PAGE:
Managing IBD with an Intelligent Diet: Know What Works and What Doesn’t
IBD, inflammatory bowel disease, is a complicated inflammatory disorder of the GI tract, which causes significant discomfort and can even lead to other more serious diseases down the line. Managing IBD is extremely difficult as there is no guarantee that two people will react in the same way to the same diet.
However, there are methods you can follow to figure out a food chart that will supply you with all the nutrients you need without upsetting your stomach in the process.
The Rule of Small, Frequent Meals
Following the simple rule of small, frequent meals comes with many benefits, as stated below.
- The digestive system will be less stressed after each meal
- On consuming a small amount of something that could be upsetting for your IBD, the effects will be minimal
- Smaller frequent meals are, in general, better for everyone
What to Avoid: Food that Triggers IBD Flares
Bloody diarrhea and intolerable abdominal cramps are just two of the many symptoms which accompany a severe IBD flare, so it’s imperative to avoid any food that may trigger a flare.
Not everyone reacts in the same way to the same food of course, but the following are more or less proven to be bad for anyone with inflammatory bowel disease (Crohn’s disease & ulcerative colitis included).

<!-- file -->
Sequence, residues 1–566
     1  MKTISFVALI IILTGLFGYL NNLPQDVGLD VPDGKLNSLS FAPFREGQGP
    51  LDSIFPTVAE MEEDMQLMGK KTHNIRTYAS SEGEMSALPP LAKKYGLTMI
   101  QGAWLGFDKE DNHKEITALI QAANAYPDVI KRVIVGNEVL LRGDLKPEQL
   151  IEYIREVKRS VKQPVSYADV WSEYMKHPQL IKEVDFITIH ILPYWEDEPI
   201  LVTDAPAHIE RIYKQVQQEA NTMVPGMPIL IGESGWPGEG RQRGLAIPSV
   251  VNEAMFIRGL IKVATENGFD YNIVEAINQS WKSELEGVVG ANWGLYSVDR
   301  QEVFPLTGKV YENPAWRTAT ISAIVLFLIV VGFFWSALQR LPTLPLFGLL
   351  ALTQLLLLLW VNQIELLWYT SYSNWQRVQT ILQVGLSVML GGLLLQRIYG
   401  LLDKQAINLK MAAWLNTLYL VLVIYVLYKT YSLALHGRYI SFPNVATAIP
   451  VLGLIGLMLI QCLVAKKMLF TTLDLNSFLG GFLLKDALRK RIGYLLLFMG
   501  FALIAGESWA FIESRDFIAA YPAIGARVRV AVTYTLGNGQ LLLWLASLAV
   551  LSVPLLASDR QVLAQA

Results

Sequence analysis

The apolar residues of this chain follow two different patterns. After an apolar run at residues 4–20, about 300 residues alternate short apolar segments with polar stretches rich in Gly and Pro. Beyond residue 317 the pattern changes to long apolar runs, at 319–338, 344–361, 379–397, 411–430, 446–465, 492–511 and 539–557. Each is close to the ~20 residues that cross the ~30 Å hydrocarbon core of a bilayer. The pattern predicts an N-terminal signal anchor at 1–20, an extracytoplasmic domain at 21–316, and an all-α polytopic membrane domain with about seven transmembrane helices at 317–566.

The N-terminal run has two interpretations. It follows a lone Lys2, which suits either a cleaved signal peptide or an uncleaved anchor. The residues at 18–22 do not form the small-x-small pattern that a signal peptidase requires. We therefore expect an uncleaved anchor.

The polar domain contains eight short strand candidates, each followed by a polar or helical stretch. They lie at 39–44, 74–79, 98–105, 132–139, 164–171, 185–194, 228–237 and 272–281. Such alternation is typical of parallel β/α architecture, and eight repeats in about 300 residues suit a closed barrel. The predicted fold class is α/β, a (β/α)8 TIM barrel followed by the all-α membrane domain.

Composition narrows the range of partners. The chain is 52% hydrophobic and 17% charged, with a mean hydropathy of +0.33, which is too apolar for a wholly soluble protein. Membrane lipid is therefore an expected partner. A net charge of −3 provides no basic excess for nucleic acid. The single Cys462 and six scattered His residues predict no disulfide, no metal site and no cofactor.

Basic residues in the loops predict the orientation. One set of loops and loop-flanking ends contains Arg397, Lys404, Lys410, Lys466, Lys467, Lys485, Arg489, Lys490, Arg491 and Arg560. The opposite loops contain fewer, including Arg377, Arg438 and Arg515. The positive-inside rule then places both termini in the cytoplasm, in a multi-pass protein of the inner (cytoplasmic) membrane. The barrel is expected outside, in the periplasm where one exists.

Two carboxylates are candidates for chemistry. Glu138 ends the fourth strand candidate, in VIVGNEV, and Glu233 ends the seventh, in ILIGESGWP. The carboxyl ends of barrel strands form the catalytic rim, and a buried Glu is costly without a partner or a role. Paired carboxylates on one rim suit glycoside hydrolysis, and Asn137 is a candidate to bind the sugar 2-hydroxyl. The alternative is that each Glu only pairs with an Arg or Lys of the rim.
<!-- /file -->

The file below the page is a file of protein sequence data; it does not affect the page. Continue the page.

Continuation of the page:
- Oily (vegetable oils), fried food
- Spicy food and sauce
- Excess meat protein
- Unpeeled fruits and leafy greens
- Popcorn, nuts, beans, whole grains, etc.
- Caffeine (coffee, soda, energy drinks)
- Anything from candies to packed juice that contains refined sugar or artificial sweeteners
- Alcoholic beverages (cocktails, whiskey, rum, vodka, etc.)
- Dairy products (milk, milk chocolate, cream, etc.)
Filling Gaps in Nutrition: How Supplements Help
IBD often leads to poor nutrition, or even malnutrition, in suffering patients due to two primary reasons:
- They have to avoid fiber and protein rich food to prevent flares
- A large number of ingested nutrients are never digested
Therefore, taking food supplements that are specifically designed to aid IBD patients in meeting their daily nutritional needs is an effective solution against IBD induced malnutrition. A supplement like Metagenics UltraInflamX, that contains reduced iso-alpha acids, L-glutamine and rice protein will not flare up any IBD symptoms, but will fulfill a large portion of the patient’s nutritional needs at the same time.
Food that Does Not Contribute to IBD Flares in Most People
As mentioned previously, there is no guarantee that what works for one person will work for another, but the following are generally found to be well digested by people suffering from inflammatory bowel disease:
- White bread and white pasta, only if you are not gluten intolerant
- Watered down fruit juice (dilution)
- Poultry (eggs and chicken)
- Mashed potatoes and applesauce
- Avocadoes and cantaloupes
- Olive oil
Finally, a bit of experimentation is advised to figure out what works and in what quantity. Now that you have a guideline to work with, it shouldn’t be too difficult to avoid what upsets your stomach and take in more of what doesn’t.